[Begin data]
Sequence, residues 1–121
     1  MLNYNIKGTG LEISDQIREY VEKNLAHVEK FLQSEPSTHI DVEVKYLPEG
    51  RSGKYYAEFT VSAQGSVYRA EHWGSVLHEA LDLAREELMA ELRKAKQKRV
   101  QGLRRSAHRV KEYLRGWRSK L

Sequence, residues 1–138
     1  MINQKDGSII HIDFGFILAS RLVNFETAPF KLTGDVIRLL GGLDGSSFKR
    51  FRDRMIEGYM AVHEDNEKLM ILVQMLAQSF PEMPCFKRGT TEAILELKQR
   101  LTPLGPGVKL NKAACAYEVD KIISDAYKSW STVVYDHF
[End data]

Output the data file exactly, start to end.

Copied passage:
Sequence, residues 1–121
     1  MLNYNIKGTG LEISDQIREY VEKNLAHVEK FLQSEPSTHI DVEVKYLPEG
    51  RSGKYYAEFT VSAQGSVYRA EHWGSVLHEA LDLAREELMA ELRKAKQKRV
   101  QGLRRSAHRV KEYLRGWRSK L

Sequence, residues 1–138
     1  MINQKDGSII HIDFGFILAS RLVNFETAPF KLTGDVIRLL GGLDGSSFKR
    51  FRDRMIEGYM AVHEDNEKLM ILVQMLAQSF PEMPCFKRGT TEAILELKQR
   101  LTPLGPGVKL NKAACAYEVD KIISDAYKSW STVVYDHF